Cerberus Fossae Mars

The two largest quakes detected by NASA’s InSight appear to have originated in a region of Mars called Cerberus Fossae. Scientists previously spotted signs of tectonic activity here, including landslides. This image was taken by the HiRISE camera on NASA’s Mars Reconnaissance Orbiter. Credit: NASA/JPL-Caltech/University of Arizona

While the team continues to work on getting the probe into the Martian surface as intended, the ultra-sensitive seismometer, called the Seismic Experiment for Interior Structure (SEIS), has enabled scientists to “hear” multiple trembling events from hundreds to thousands of miles away.

Seismic waves are affected by the materials they move through, giving scientists a way to study the composition of the planet’s inner structure. Mars can help the team better understand how all rocky planets, including Earth, first formed.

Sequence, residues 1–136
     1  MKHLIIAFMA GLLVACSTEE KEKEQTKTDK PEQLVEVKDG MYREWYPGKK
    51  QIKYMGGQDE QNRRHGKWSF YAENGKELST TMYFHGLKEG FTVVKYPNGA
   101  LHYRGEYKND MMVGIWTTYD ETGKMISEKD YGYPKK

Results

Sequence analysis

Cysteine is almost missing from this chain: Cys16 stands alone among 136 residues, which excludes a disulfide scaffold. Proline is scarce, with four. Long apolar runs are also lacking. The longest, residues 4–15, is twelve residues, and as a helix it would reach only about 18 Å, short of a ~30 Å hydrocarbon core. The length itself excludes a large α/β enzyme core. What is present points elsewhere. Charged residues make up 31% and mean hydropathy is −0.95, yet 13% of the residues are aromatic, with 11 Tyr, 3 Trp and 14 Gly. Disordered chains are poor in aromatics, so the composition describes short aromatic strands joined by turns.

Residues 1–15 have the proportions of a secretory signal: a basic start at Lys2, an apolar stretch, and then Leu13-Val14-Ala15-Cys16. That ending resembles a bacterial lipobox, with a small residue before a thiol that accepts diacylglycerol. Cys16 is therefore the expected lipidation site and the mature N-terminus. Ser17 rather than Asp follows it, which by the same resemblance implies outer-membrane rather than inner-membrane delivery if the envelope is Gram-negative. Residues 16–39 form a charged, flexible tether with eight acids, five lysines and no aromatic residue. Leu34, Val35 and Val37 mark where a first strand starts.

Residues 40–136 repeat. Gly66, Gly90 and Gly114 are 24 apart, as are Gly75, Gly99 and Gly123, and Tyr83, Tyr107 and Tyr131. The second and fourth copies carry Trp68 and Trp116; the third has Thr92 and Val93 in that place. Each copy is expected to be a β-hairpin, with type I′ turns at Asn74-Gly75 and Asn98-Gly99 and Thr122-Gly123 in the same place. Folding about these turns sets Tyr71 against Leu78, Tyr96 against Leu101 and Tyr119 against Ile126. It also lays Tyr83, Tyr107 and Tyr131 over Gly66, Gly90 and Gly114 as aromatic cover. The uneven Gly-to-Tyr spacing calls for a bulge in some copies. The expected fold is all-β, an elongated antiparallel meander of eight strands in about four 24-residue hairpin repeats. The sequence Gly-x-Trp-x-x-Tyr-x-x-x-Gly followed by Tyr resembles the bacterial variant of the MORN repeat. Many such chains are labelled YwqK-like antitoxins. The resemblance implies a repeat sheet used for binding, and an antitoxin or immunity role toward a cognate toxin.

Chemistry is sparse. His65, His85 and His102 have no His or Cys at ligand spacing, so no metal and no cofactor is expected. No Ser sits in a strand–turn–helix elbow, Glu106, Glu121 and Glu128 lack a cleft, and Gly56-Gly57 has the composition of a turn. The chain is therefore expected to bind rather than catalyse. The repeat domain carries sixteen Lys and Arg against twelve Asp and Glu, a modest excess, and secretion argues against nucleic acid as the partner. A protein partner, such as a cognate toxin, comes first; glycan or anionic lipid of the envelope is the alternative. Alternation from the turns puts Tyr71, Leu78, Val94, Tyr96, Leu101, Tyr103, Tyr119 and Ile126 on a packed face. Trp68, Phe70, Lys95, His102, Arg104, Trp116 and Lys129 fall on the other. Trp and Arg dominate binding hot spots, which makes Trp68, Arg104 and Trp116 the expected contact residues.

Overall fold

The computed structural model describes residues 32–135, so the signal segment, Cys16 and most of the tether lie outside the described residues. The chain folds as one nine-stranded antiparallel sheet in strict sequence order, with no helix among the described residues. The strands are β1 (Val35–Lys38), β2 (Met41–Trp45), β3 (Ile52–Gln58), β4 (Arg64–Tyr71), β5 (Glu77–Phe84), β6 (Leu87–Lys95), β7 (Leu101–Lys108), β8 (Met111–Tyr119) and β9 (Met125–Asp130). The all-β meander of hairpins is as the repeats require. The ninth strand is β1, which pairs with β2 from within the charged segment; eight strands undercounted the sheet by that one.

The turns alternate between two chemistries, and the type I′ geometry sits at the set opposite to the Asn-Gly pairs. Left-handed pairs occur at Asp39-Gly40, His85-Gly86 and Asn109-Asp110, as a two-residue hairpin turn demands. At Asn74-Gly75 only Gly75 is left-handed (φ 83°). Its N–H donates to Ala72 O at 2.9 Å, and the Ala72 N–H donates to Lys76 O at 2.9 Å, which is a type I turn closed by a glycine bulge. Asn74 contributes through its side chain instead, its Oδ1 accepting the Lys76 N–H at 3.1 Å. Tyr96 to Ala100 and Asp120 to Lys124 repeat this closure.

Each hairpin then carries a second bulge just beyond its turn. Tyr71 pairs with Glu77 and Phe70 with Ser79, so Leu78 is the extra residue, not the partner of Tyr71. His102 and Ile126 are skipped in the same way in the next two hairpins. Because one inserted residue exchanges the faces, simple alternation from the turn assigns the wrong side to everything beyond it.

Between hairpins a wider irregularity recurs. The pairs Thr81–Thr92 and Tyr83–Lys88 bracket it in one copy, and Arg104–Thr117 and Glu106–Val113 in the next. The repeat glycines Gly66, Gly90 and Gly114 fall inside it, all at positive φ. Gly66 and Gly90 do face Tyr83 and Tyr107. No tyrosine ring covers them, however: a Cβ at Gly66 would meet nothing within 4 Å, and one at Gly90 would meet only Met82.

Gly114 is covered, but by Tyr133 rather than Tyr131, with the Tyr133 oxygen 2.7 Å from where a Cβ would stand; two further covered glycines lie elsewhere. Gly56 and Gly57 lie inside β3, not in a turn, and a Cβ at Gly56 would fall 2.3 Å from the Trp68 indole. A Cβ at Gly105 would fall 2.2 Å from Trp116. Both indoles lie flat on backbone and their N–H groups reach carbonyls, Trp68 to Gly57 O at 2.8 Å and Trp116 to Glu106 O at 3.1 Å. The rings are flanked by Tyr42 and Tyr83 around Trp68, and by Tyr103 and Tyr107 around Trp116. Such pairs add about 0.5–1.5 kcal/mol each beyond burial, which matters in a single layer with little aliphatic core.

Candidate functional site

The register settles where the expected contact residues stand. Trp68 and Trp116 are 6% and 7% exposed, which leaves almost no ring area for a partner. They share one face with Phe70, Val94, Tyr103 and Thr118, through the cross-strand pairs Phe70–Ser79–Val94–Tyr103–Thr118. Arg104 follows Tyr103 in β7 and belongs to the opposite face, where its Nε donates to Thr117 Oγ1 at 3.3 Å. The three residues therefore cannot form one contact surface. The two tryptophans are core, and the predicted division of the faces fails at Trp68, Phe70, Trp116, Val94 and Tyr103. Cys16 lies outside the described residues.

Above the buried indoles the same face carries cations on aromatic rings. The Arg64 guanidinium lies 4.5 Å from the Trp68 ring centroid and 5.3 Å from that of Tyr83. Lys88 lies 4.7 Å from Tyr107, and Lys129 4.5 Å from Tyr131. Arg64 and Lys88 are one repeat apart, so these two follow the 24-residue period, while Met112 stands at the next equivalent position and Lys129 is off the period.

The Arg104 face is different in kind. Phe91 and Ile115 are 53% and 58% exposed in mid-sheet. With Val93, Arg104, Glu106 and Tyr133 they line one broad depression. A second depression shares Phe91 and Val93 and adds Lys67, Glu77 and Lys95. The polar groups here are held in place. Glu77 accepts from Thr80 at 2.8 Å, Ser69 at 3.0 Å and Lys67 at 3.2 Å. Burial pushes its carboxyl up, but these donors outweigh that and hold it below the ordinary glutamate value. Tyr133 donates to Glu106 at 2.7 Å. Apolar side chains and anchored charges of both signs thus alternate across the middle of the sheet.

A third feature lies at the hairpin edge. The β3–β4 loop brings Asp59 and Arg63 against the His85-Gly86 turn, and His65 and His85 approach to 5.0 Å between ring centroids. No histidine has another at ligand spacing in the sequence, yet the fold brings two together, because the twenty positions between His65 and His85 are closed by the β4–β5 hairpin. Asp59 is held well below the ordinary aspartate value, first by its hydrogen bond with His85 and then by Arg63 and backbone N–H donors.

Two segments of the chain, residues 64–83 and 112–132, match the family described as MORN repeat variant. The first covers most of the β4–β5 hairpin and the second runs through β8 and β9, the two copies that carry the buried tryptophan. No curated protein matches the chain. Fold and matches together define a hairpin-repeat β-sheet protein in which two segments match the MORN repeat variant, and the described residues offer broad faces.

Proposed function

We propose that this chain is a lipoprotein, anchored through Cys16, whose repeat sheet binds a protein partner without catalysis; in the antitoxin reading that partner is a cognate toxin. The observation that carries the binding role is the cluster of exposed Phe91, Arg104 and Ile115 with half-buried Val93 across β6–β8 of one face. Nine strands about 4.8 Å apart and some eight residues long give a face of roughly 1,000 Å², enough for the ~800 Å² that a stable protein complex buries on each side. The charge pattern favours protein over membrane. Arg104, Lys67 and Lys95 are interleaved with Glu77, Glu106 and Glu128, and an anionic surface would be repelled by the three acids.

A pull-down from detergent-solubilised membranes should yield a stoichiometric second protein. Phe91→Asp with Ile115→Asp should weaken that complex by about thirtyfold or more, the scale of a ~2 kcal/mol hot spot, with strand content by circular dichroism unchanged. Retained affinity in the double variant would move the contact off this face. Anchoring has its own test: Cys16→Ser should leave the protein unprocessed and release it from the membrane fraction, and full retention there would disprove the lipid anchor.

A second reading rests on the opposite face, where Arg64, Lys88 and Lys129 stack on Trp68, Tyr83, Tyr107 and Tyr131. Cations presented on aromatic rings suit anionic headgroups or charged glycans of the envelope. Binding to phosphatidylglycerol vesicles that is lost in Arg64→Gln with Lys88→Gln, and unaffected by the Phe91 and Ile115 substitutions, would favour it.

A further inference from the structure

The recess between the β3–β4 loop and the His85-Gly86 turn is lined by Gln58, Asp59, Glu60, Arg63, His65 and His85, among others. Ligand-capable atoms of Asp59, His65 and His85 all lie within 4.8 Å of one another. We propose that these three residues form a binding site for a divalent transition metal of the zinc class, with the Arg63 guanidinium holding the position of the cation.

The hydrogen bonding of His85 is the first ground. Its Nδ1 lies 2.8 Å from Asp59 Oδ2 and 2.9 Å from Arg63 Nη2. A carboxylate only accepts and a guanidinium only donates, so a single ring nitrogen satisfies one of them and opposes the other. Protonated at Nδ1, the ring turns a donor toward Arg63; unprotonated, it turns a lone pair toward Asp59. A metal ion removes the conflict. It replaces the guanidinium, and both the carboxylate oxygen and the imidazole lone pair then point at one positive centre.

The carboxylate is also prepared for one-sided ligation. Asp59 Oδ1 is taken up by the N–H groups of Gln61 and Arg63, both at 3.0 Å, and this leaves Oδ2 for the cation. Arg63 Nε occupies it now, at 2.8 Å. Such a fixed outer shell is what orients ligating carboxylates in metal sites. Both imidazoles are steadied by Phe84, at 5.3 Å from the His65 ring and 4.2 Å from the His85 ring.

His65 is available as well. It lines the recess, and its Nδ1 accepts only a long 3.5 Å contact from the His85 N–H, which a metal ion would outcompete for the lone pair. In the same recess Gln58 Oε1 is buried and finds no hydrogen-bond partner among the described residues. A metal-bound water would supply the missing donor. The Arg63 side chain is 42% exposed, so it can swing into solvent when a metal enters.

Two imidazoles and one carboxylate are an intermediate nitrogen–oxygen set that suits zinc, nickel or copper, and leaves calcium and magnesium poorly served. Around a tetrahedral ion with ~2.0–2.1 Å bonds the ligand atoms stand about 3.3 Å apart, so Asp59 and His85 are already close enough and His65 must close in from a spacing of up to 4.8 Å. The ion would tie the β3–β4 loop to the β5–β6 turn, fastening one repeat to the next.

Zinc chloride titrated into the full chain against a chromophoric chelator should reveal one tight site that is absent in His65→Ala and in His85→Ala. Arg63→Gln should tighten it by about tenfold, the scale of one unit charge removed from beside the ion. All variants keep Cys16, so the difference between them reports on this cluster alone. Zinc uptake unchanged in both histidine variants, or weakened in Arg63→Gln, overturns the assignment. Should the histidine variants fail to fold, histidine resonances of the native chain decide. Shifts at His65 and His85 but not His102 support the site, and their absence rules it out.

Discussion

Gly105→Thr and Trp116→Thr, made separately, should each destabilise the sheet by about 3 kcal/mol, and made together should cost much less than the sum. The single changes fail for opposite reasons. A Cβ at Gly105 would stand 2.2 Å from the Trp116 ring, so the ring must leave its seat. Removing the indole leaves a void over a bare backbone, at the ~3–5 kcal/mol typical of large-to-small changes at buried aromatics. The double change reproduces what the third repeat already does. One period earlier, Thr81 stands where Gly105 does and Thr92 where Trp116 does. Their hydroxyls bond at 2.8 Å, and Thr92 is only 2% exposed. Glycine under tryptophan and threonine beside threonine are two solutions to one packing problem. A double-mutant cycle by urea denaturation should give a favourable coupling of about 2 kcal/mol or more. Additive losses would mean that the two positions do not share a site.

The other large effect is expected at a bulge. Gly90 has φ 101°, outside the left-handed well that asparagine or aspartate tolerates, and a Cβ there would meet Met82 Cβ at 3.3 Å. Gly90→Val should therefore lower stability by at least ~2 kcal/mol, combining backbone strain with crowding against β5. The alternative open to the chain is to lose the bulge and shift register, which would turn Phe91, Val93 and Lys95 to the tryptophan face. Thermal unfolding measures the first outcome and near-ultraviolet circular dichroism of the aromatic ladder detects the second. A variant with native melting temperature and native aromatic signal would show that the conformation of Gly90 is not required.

Underground

Mars trembles more often — but also more mildly — than expected. SEIS has found more than 450 seismic signals to date, the vast majority of which are probably quakes (as opposed to data noise created by environmental factors, like wind). The largest quake was about magnitude 4.0 in size — not quite large enough to travel down below the crust into the planet’s lower mantle and core. Those are “the juiciest parts of the apple” when it comes to studying the planet’s inner structure, said Bruce Banerdt, InSight principal investigator at JPL.